Tip #4: Decide on a paint system and stick with it; there are brands, for example, that match primers and topcoats for many situations and they will perform better than a mix n' match approach, so if you have more than a simple wall or trim painting chore, do a bit of research and you'll be better prepared to get a lasting job. Above all, READ THE FREAKIN' LABELS! There is seriously helpful information on them, honest!

OK, I could go on all day about other helpful tools, like ladders and pail hooks and pouring spouts and drip-catchers and trim helpers and all sorts of others, but these are the basics that will get you through many types of painting jobs. If you like this diary I'll do more about painting itself, such as how to prep properly, paint better, choose types of paint, and more, and I hope this little bit on tools helps get you off to a better start on your own project. LMK in your comments if you'd like future installments.

Now, a word - we're nearing our 8TH YEAR of SMHRB, on August 10th. IMHO, that would be a great time to pause, be thankful, and reflect about what a long and rewarding journey it's been - from Claude's humble diary singing the praises of GFCI testing, to his wonderful adobe creations, the valuable diaries you've all posted about so many things, to the generous and experienced group that carries the ball today - you all deserve a hand, a voice, a pat on the back, SOME kind of recognition for all of your hard work, your many contributions, and your selfless devotion to helping others. So what I'd like to suggest is a kind of group diary, where everyone interested can contribute a paragraph or so about what SMHRB has meant to you, someone you want to thank, a favorite tip you'd like to share, perhaps a short story about a project you did, or anything related to our effort here. To make it easier, if we decide to do this you could simply message them to me in KosMail; I'd be happy to collate them into a quasi-comprehensible form and post it then - we have over a month to work on it. I'm open to anyone who has another idea, too.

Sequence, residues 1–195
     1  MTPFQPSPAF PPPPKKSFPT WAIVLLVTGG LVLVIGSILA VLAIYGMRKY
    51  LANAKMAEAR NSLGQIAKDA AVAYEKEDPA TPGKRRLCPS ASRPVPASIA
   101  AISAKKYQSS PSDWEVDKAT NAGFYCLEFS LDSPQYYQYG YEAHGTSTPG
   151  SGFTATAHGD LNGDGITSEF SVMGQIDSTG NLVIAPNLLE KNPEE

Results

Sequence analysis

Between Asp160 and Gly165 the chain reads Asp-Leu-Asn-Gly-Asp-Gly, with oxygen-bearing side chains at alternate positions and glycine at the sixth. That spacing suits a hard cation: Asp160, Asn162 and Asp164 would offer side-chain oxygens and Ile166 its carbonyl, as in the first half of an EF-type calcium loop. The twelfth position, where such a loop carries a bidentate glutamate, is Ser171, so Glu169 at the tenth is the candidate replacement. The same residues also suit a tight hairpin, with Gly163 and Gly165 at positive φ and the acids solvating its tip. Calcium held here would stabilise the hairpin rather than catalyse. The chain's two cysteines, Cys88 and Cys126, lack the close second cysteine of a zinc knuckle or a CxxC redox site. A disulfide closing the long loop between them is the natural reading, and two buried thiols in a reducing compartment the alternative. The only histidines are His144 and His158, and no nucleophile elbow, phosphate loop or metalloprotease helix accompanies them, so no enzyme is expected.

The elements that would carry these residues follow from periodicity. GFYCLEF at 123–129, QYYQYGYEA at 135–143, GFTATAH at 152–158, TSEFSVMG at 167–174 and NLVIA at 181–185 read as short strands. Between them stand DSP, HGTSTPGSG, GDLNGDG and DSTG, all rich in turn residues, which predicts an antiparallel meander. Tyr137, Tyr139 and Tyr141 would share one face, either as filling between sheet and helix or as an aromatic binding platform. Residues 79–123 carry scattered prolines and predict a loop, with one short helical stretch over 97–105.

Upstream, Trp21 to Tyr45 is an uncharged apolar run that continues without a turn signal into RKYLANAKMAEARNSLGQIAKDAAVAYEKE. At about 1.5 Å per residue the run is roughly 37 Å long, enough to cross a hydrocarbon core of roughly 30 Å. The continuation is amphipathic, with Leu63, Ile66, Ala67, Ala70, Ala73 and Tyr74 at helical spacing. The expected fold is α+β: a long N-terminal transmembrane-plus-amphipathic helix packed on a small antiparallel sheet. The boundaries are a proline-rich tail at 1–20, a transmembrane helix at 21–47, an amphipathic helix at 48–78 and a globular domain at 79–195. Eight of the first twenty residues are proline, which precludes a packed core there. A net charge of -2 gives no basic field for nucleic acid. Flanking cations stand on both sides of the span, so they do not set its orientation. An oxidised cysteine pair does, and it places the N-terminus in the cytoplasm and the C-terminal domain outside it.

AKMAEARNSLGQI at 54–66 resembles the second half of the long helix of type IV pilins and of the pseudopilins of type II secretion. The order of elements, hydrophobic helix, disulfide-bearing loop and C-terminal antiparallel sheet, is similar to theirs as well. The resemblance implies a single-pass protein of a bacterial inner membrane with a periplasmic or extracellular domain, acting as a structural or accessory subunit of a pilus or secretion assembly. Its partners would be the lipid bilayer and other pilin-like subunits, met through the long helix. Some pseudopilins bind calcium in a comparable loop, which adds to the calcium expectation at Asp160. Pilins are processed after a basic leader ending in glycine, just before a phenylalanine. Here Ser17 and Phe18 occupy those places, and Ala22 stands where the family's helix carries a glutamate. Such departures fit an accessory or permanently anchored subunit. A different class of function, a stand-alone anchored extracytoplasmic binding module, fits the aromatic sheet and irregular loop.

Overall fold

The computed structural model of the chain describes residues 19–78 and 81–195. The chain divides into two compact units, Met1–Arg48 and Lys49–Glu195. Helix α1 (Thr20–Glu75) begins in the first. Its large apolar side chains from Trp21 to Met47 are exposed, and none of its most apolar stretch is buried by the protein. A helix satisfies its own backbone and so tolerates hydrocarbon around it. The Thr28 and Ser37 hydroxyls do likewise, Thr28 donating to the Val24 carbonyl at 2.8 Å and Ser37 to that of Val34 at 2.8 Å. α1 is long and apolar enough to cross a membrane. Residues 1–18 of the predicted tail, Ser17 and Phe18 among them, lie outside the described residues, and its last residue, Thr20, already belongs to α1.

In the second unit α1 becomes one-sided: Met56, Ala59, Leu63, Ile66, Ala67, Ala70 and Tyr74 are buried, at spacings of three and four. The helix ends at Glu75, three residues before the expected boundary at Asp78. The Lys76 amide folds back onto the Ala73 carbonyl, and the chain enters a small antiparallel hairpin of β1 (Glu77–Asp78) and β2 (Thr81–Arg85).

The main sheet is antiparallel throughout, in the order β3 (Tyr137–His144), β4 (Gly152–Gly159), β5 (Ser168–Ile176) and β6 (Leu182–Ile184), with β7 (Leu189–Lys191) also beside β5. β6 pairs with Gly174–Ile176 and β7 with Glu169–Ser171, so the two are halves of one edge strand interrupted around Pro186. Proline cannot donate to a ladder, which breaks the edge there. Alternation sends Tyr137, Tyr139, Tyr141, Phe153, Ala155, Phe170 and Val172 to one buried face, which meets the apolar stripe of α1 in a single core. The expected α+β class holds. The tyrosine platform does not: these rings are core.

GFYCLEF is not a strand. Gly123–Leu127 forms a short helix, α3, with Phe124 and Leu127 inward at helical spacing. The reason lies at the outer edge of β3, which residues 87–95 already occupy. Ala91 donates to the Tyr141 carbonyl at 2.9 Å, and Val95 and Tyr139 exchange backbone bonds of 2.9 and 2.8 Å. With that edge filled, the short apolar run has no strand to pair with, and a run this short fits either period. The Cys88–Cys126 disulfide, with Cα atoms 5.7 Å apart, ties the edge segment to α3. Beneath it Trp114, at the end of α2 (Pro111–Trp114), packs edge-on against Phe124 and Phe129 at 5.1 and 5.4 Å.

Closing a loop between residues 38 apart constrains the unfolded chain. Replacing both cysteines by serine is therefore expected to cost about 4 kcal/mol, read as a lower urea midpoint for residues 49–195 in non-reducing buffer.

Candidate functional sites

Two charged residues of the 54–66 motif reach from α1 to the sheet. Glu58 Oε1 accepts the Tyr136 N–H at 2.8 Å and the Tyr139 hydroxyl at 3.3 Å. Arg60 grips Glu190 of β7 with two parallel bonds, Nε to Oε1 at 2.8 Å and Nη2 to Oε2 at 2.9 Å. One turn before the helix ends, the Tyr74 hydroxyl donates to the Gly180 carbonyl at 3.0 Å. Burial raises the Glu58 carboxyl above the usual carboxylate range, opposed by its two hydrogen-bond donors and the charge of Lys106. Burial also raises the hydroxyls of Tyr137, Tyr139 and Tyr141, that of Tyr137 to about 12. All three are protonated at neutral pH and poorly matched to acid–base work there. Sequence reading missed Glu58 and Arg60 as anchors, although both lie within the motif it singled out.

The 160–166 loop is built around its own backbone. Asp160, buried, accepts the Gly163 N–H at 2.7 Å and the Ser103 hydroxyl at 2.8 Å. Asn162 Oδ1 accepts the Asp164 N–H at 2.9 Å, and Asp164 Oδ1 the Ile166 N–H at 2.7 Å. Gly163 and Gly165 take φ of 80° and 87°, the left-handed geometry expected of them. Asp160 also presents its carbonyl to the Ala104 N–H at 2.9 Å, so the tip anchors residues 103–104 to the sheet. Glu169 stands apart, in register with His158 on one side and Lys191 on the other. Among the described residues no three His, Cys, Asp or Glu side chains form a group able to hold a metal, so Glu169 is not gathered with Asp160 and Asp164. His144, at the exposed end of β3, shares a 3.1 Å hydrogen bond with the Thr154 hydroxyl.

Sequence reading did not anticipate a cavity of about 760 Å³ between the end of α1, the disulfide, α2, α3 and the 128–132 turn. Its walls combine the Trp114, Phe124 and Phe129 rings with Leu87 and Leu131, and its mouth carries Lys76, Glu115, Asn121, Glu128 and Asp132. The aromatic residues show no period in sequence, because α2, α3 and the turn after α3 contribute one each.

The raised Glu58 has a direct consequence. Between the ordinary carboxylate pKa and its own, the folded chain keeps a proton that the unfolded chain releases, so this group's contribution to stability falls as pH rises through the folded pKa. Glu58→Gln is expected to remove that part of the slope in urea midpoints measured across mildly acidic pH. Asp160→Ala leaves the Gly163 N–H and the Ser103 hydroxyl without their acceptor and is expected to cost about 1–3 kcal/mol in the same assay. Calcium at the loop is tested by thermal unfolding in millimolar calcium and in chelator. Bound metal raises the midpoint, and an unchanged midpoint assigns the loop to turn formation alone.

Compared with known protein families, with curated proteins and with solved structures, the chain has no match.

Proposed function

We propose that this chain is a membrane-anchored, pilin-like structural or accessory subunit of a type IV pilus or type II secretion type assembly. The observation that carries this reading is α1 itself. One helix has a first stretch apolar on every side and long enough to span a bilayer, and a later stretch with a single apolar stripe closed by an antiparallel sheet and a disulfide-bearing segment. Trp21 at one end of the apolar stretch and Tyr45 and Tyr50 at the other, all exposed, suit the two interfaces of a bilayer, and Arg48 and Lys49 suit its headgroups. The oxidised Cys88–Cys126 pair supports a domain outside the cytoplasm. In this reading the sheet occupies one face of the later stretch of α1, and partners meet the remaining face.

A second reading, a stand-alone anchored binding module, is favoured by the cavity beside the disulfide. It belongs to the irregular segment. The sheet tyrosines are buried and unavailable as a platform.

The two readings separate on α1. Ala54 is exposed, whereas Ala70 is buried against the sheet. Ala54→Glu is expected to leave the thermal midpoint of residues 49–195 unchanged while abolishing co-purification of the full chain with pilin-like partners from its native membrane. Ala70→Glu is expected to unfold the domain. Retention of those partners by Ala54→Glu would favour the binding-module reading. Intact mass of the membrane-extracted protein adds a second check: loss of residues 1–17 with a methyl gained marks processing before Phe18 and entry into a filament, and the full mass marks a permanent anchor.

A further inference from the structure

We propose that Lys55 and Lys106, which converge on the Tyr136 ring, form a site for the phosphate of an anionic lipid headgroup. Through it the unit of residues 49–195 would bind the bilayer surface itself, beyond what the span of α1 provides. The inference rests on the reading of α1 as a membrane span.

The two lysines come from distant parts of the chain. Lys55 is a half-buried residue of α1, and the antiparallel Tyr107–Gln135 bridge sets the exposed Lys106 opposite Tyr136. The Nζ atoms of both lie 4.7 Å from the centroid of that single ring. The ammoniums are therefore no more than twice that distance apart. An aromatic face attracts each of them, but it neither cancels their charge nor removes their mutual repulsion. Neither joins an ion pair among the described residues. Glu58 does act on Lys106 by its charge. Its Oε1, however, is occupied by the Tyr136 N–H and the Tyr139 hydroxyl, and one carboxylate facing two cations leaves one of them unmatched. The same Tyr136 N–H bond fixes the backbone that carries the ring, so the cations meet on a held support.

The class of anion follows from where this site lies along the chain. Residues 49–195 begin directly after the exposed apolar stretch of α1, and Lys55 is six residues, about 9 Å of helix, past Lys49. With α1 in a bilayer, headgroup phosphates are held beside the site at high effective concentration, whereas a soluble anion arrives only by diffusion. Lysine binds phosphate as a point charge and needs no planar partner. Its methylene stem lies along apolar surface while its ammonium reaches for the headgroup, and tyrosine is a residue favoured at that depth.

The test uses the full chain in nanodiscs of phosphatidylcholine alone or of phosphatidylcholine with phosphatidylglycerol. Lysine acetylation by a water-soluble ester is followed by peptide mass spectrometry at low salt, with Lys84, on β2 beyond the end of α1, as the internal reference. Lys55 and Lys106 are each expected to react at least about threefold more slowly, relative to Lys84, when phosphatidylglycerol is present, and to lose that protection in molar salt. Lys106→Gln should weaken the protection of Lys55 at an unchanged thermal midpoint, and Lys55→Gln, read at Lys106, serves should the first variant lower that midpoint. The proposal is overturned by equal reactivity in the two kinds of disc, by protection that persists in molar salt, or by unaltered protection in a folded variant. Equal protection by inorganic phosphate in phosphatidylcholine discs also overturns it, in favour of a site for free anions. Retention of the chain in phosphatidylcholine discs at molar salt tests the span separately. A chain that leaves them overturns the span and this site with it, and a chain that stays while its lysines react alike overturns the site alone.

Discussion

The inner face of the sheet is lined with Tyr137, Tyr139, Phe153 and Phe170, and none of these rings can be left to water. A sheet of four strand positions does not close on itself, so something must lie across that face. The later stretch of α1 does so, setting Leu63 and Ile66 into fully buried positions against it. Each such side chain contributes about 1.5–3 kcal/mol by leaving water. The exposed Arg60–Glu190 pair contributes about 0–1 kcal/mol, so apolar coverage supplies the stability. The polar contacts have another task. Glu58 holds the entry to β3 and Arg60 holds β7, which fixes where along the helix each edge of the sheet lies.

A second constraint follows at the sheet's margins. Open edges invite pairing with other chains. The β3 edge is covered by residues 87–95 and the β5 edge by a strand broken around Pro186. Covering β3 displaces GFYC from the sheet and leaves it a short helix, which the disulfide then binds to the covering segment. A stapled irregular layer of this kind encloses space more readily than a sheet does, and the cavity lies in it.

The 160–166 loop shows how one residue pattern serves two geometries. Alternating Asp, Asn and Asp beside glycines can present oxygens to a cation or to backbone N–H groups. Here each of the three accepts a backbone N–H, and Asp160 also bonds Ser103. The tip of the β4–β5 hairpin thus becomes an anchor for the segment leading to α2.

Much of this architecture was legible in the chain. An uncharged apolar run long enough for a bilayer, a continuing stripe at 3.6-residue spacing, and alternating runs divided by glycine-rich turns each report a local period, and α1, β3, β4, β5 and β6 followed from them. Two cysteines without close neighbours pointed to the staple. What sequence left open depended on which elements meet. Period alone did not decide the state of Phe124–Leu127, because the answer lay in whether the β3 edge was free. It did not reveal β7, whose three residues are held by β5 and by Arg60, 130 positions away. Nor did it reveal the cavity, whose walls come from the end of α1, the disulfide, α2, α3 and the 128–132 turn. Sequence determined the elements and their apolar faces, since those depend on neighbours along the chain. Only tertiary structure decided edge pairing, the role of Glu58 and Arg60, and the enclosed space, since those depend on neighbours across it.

I just think that each new year deserves a special day for us to recognize one another, and generally celebrate everyone's efforts. LMK what you think in the comments and we can organize it later.

Enough of my rambling - it's your turn. What tips have you come up with (not just about painting!) that make your life easier and your work better? Any questions? Need help with something? Jump in and share - that's what we do here, and every shortcut or trick that we add helps someone, somewhere, do a better job.

Take it away,the floor is open!

Originally posted to CodeTalker on Sat Jun 29, 2013 at 06:00 AM PDT.

Also republished by Saturday Morning Home Repair.